Reports emerged Wednesday that the Environmental Protection Agency (EPA) has, in recent years, carried out tests of dangerous pollutants on human subjects without fully disclosing the risks — even as it sought “informed” consent from the participants.
According to The Daily Caller News Foundation, the EPA conducted a series of experiments in 2010 and 2011 intended to assess how exposure to particulate matter from diesel exhaust affected human health. But the agency did not consistently disclose the risks associated with exposure to diesel particulate matter (PM), even though some test subjects came into the test with respiratory illnesses like asthma and heart disease.
These experiments exposed people, including those with asthma and heart problems, to dangerously high levels of toxic pollutants, including diesel fumes… The EPA also exposed people with health issues to levels of pollutants up to 50 times greater than the agency says is safe for humans.
The EPA conducted five experiments in 2010 and 2011 to look at the health effects of particulate matter, or PM, and diesel exhaust on humans. The IG’s report found that the EPA did get consent forms from 81 people in five studies. But the IG also found that “exposure risks were not always consistently represented.”
“Further, the EPA did not include information on long-term cancer risks in its diesel exhaust studies’ consent forms,” the IG’s report noted. “An EPA manager considered these long-term risks minimal for short-term study exposures” but “human subjects were not informed of this risk in the consent form.”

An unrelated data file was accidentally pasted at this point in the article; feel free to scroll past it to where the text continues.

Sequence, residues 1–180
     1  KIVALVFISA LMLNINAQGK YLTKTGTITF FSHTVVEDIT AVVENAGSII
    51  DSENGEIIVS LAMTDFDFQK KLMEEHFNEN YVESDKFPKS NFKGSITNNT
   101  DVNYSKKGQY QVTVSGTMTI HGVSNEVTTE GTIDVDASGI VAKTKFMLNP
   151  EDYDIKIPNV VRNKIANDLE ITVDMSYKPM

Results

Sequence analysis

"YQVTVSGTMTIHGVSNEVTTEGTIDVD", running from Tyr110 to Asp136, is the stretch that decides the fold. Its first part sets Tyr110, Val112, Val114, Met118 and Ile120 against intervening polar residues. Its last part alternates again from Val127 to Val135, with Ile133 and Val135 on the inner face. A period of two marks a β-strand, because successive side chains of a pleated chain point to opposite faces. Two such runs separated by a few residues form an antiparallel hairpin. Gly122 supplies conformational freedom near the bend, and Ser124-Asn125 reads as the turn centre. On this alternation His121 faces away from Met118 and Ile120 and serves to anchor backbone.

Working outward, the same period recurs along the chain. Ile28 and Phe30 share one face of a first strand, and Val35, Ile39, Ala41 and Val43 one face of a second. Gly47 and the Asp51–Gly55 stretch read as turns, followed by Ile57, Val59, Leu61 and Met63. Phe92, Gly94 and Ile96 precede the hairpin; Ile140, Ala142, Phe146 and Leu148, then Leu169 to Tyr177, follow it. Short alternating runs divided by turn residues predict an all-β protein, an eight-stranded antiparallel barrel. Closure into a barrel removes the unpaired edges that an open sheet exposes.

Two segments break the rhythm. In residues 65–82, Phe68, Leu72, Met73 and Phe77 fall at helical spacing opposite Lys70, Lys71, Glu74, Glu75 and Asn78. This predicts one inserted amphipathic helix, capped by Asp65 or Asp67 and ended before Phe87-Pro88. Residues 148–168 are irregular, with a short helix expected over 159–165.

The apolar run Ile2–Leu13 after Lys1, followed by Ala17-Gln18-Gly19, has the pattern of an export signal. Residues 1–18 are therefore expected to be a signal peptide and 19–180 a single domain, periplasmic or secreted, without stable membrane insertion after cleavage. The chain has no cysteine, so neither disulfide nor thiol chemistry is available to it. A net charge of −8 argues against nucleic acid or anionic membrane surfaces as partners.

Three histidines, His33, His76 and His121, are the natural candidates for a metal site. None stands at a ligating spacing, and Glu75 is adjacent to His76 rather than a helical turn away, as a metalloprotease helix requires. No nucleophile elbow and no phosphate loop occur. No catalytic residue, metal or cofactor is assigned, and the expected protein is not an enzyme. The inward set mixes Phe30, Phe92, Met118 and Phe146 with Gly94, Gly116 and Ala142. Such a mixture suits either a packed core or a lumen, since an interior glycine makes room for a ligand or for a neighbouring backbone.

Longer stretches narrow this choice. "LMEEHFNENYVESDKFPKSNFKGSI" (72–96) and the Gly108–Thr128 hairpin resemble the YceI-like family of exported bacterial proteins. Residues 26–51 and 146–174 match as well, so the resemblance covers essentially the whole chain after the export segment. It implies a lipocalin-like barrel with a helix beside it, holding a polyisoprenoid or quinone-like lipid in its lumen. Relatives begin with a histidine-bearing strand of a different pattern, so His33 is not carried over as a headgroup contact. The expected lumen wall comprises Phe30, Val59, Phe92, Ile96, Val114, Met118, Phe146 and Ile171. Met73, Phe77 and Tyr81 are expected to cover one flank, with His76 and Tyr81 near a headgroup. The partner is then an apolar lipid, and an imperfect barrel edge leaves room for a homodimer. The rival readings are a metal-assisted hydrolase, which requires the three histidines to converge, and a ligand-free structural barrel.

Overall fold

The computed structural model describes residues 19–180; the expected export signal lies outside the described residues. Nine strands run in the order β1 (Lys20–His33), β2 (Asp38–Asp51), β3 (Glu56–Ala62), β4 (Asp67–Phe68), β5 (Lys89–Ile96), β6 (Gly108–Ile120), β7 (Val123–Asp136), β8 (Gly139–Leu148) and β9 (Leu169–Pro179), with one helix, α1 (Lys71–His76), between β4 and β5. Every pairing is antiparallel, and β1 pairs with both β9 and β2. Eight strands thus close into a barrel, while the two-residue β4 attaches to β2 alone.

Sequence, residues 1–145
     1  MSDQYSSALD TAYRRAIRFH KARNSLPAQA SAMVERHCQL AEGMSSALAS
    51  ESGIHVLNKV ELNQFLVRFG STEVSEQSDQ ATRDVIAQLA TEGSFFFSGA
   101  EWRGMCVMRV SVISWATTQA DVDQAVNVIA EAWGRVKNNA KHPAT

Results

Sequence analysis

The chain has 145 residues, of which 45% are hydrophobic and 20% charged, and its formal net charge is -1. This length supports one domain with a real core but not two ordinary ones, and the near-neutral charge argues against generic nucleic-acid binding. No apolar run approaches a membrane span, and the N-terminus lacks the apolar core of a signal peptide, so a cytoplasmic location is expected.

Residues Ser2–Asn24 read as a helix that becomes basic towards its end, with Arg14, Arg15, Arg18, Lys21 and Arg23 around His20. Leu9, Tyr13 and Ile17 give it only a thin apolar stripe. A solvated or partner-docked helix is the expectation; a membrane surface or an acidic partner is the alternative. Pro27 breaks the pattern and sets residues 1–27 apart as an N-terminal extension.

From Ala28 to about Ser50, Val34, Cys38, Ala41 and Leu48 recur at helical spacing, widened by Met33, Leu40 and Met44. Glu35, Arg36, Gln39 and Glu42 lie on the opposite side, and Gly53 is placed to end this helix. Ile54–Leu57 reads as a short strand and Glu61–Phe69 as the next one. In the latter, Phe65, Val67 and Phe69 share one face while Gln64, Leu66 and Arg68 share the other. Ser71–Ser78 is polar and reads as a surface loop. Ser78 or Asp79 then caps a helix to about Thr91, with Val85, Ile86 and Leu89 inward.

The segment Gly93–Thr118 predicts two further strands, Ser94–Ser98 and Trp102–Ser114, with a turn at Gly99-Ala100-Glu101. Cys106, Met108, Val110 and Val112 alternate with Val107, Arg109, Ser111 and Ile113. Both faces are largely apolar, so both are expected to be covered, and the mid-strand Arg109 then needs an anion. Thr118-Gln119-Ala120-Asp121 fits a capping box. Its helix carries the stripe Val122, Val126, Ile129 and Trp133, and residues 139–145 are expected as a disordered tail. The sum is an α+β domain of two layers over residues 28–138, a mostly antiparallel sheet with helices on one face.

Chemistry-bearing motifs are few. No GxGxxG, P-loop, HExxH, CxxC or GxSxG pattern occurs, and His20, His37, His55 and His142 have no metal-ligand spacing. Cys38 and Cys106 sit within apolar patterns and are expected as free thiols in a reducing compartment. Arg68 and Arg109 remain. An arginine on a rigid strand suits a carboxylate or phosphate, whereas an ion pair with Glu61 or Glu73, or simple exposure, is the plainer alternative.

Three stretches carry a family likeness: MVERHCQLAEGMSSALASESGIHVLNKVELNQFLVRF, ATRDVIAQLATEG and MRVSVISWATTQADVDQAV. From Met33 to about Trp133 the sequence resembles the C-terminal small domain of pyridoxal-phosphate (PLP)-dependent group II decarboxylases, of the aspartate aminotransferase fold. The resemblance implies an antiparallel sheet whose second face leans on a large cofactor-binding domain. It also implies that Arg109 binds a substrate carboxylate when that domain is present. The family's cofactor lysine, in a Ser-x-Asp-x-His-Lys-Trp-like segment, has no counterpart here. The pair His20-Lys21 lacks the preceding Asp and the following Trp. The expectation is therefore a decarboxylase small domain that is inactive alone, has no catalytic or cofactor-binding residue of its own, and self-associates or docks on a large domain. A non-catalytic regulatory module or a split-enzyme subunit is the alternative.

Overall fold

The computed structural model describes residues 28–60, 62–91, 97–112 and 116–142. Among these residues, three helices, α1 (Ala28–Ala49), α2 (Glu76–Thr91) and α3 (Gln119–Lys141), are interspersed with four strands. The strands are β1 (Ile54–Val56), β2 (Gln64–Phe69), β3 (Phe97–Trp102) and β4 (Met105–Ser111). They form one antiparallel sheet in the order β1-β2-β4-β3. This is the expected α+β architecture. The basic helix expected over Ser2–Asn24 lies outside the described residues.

According to the IG’s report, “only one of five studies’ consent forms provided the subject with information on the upper range of the pollutant” they would be exposed to, but even more alarming is that only “two of five alerted study subjects to the risk of death for older individuals with cardiovascular disease.”
Crucially, the Inspector General’s report also observed the inherent hypocrisy in the EPA’s unethical use of human subjects without informing them of the health-related risks they’d be facing. “This lack of warning about PM is also different from the EPA’s public image about PM,” the document states.
And how’s this for understatement:
The EPA’s diesel exhaust studies did not include language about the long-term cancer risks of diesel exhaust… [E]vidence suggests that at least some human study subjects would like to know if a study involves risk of death, even if the risk is very small.
What does the “P” in “EPA” stand for again?